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Putin Defers To China’s Ukraine ‘Concerns’ At Face-To-Face With Xi

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By Joanna Lillis*

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(Eurasianet) — Reeling from a series of defeats in Ukraine, Russian President Vladimir Putin made a rare admission that there might be some international concerns about his country’s invasion of a neighboring state.

He was deferring not, of course, to Western concerns but to those that might be harbored by his ally China, whose support he needs to refute claims that Russia is internationally isolated.

Putin made the concession at a face-to-face meeting with Chinese President Xi Jinping in Uzbekistan. The two are in Samarkand to attend a summit of the Shanghai Cooperation Organization (SCO) on September 16.

“We highly value the balanced position of our Chinese friends in connection with the Ukraine crisis,” Putin told Xi, according to a readout of the September 15 meeting published by the Kremlin. 

“We understand your questions and concerns on this account. During today’s meeting we will, of course, also explain our position on this matter, although we have previously talked about this.”

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China has not condemned Moscow’s aggression in Ukraine, but has blamed the West for stoking tensions. However, it has not provided any sanctions relief to Russia, either.

Putin also railed against “provocations by the U.S. and their satellites in the Taiwan Strait,” in remarks guaranteed to please his Chinese counterpart.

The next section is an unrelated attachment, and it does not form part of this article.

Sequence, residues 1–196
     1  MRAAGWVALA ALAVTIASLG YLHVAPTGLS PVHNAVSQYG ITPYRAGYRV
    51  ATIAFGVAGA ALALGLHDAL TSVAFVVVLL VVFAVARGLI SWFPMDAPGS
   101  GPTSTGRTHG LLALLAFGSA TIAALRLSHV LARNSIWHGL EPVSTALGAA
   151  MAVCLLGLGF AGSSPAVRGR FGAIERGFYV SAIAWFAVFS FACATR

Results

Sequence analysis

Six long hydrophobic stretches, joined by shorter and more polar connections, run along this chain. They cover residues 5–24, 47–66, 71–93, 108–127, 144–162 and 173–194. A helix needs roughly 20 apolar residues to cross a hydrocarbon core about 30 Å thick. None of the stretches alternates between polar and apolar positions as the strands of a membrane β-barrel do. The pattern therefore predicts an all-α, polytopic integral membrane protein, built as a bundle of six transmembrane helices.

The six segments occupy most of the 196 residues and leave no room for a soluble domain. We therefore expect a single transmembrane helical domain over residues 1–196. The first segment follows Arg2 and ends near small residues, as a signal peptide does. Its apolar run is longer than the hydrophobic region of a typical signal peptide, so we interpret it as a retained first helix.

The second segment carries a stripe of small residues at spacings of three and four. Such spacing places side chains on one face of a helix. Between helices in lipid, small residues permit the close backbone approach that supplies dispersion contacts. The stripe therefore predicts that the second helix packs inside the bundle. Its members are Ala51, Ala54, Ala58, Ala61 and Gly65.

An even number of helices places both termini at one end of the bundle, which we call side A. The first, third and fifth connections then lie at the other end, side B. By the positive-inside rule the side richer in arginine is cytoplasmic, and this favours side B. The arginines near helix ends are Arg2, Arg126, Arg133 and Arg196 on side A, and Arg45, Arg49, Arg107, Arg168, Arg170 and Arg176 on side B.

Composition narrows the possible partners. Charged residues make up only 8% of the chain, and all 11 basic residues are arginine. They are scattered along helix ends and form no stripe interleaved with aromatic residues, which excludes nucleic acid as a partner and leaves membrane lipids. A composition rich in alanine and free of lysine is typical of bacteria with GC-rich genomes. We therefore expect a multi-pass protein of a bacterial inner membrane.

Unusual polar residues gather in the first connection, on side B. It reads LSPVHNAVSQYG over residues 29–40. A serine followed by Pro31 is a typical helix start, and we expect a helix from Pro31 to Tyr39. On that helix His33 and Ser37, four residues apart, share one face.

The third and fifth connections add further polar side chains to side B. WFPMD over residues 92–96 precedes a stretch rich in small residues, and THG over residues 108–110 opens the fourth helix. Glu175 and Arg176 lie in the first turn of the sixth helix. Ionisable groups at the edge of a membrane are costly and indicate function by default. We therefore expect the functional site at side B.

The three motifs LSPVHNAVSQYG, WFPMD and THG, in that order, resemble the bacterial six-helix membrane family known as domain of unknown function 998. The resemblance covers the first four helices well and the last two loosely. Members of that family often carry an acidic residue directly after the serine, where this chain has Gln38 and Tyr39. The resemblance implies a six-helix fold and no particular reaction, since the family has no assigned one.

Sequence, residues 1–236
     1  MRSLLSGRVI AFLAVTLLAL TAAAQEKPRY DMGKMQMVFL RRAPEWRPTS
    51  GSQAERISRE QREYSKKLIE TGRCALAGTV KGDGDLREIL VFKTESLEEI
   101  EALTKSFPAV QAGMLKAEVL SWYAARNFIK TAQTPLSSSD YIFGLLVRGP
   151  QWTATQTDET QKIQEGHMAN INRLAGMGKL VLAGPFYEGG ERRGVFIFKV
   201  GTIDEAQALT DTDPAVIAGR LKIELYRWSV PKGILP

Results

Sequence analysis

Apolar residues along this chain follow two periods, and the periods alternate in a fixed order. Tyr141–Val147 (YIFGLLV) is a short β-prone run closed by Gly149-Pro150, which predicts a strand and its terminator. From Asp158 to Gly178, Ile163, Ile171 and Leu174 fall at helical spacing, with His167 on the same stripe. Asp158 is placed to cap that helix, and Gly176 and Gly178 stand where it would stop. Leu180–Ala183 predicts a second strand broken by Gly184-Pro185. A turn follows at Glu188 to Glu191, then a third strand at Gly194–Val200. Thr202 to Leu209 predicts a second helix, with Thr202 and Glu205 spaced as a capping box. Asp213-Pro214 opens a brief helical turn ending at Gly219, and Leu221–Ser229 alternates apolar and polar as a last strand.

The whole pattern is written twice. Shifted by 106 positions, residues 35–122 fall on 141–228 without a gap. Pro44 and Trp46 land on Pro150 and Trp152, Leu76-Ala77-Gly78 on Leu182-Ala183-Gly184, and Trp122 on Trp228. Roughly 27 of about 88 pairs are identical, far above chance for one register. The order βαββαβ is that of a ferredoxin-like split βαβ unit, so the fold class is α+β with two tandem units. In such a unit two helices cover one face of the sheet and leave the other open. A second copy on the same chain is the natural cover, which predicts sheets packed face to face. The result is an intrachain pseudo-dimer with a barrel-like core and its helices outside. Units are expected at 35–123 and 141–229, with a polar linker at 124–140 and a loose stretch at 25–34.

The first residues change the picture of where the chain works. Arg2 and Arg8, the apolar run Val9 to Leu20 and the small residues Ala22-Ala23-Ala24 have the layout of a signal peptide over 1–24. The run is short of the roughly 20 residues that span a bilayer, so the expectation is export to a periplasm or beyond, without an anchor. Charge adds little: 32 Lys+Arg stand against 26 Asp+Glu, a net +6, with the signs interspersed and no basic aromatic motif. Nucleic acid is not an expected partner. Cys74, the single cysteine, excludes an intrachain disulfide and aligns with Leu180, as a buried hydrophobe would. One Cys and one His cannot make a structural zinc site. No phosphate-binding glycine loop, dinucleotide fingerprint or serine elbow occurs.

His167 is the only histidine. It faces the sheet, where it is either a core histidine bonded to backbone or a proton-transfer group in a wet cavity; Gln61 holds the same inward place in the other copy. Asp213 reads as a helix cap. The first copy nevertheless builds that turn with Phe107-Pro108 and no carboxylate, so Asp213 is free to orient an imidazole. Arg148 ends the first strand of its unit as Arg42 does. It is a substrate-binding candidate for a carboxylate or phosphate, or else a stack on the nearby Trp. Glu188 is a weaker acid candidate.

By contrast, the previous day Xi had appeared to deliver a shot across the bow to Moscow during a visit to Kazakhstan, where he warned that China would not tolerate any encroachment on that country’s sovereignty or territorial integrity.

Putin went on to express confidence in Moscow’s “strategic all-encompassing partnership” with Beijing, which the two declared had “no limits” when they last met in Beijing in February shortly before Putin ordered Russian troops to invade Ukraine. 

Undeterred by international criticism over his war, Putin cast their foreign policy “tandem,” as he put it, as a force for good on the global stage.

“We jointly speak out for the formation of a fair, democratic and multipolar world order, based on international law and the central role of the UN, and not on some rules that someone has invented and tries to impose on others, without even explaining what that is,” he said in a thinly veiled reference to the U.S.

Attempts to create a “unipolar world” – shorthand for one where Washington calls the shots – had “acquired an absolutely monstrous configuration and are absolutely unacceptable to the overwhelming majority of states on the planet.”

Xi was more laconic – at least according to the Kremlin readout, which quoted his remarks in Russian. 

In a world undergoing “colossal changes,” China was “ready with our Russian colleagues to show the example of a responsible world power and play a leading role to bring such a fast-changing world onto a trajectory of sustainable and positive development.”

The meeting underlined how keen Putin and Xi are to forge a new world order pivoting away from what they consider Western hegemony. 

But it also demonstrated how Putin’s war in Ukraine might put their “no-limits” partnership to the test. It is no longer a partnership of equals.  

*Joanna Lillis is a journalist based in Almaty and author of Dark Shadows: Inside the Secret World of Kazakhstan

Eurasianet

Originally published at Eurasianet. Eurasianet is an independent news organization that covers news from and about the South Caucasus and Central Asia, providing on-the-ground reporting and critical perspectives on the most important developments in the region. A tax-exempt [501(c)3] organization, Eurasianet is based at Columbia University’s Harriman Institute, one of the leading centers in North America of scholarship on Eurasia. Read more at eurasianet.org.

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